"Ex Africa semper aliquid novi", quoth Pliny the Elder. There is some debate about what he really meant, but most likely he meant trouble. In this sense has the phrase been used most often since but I hope to reverse the trend and on these pages bring you the exciting, novel and curious out of Africa.

And wherever I am I hope to remain,
Ex Africa Semper Yours,

Saturday, 4 December 2010

Easy Rider - Part I

Fun as chasing the President was it was now time to focus on the Opposition. I arrived back in Kampala and headed straight to the office of the invaluable Kizito Serumaga, my local source of inspiration and information. A quick look into the campaign calendar revealed that it would be most productive for me to head east, towards Mbale, as there I would have a chance to catch up with one of, or all, the three presidential candidates campaigning in the area: Mr. Jaberi Bidandi Ssali in Mbale, Mr. Kiza Besigye near and Ms. Betti Kamya in Lira.

There was no point in hanging around in Kampala so I set off the very same day. The sun was already below the horizon as we reached Mbale but its last rays gave enough light to allow me to make out the mysterious and imposing shape of Mt. Elgon (14,000 ft.) towering over the town in a blue haze. I was very pleasantly surprised with Mbale, which I had expected to be a slightly bigger version of the chaotic and ramshackle Gulu. Instead, I found wide paved streets sensibly laid out and flanked by a number of old houses with highly intricate tympana over the now run down porches. They gave a place a somewhat timeless colonial feel and it was easy to imagine how fine the place must have looked like those 60 years ago when those houses – according to decorative cartouche frames still visible on some of them – were first erected. Rows of shade-giving trees, uncharacteristically for Ugandan cities dividing the main avenues into two separate lanes, only added to the charm and appeal of the place.

I checked into the hotel recommended by Lonely Planet and made a few phone calls. I could not get through to anyone from Bidandi Ssali’s press crew (who were supposed to be in town preparing for the next day’s rally) but managed to arrange an interview with Beti Kamya for the next day in Lira. It was already pitch dark but I decided to go to the market and get some lovely smelling food from the stalls I was passing on my way into town. In the evening, the sides of the streets near the main roundabout change into a lively, seemingly interminable kitchen of dozens of stalls selling fried meats of all kinds, chapattis (pancakes), chips and other unnamed delicacies. I got my chicken and fries and looked for a place to sit and eat. Despite the late hour the streets were abuzz with activity and there was not as much as a meter of a curb free from hawkers or passer-bys. My chicken was getting colder and I was getting increasingly hungrier, so when a group of local men beckoned me to sit by their table outside a run down building that must have been a bar, I did not hesitate much. As I describe here (no. 27), they were quite drunk but most welcoming, generous and talkative.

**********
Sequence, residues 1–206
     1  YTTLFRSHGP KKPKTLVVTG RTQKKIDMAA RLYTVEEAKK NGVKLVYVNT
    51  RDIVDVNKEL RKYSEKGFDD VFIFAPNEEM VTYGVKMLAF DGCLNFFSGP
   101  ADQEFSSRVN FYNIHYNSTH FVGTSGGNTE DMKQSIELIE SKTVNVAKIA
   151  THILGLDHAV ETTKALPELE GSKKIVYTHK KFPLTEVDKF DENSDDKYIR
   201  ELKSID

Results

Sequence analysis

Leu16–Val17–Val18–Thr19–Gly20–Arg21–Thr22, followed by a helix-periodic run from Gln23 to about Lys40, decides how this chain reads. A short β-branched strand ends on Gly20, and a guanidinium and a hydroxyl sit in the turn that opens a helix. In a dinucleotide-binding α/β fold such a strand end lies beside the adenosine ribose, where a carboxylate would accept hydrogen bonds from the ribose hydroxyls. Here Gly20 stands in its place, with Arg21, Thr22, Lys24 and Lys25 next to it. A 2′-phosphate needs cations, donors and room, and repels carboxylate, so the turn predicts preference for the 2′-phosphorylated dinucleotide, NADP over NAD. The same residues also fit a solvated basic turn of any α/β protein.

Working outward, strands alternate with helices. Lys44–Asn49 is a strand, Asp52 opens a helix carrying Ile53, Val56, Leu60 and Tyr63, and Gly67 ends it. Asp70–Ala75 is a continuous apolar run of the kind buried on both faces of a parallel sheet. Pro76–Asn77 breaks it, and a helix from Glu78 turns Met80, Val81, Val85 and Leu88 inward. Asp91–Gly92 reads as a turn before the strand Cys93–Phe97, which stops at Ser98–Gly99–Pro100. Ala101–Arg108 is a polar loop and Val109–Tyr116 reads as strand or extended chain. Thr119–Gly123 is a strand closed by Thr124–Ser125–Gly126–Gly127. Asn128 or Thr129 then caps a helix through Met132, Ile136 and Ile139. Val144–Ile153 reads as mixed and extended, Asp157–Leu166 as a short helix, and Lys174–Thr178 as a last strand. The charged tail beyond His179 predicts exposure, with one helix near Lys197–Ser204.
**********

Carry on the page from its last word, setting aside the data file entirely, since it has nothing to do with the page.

The next morning was spent in an entirely unproductive attempt to contact the Bandini-Ssali’s entourage. I talked to people on the streets and bothered the very helpful but entirely ineffectual local police (a colourful experience allowing me to witness a stream of petitioners coming to give account of their woes and grievances to the patient, yet disinterested policemen). I even managed to hunt down a local journalist who was enjoying his no doubt well-earned Sunday beer and drag him back to his office so that he can give me some numbers to ring. All in vain, and I was faced with a dilemma if I should stay for the evening rally or proceed to Lira for the arranged interview. Having no guarantee that I would be able to meet Bidandi Ssali in the evening, and wanting to meet the only female presidential candidate, I chose the latter option.

As it was still early, no later than lunchtime, I had more than enough time to catch a matatu to Lira (300km) or at least one to Soroti (140km). I had already checked out of my hotel but left the luggage in the storage room; all that was left to do was to pick it up and go to matatu stop. But that smooth plan of mine did not take into account one important factor.

My luggage was missing! I returned to the hotel only to find that my rucksack was taken from the storage room. By the Swiss! That was unheard of: I drag the bloody thing untouched through slums and wilderness of Africa only to loose it to the Swiss! Naturally, I did not suspect them of malicious intentions. I met this group of innocent students in the morning and they told me they were waiting for a transport to take them to Mt Elgon for a week long hike. They must have put my bag onto their van by accident as our rucksacks were stored next to each other in the store-room. But the lack of evil design did not change the fact my bag was gone, either for good or for at least a week!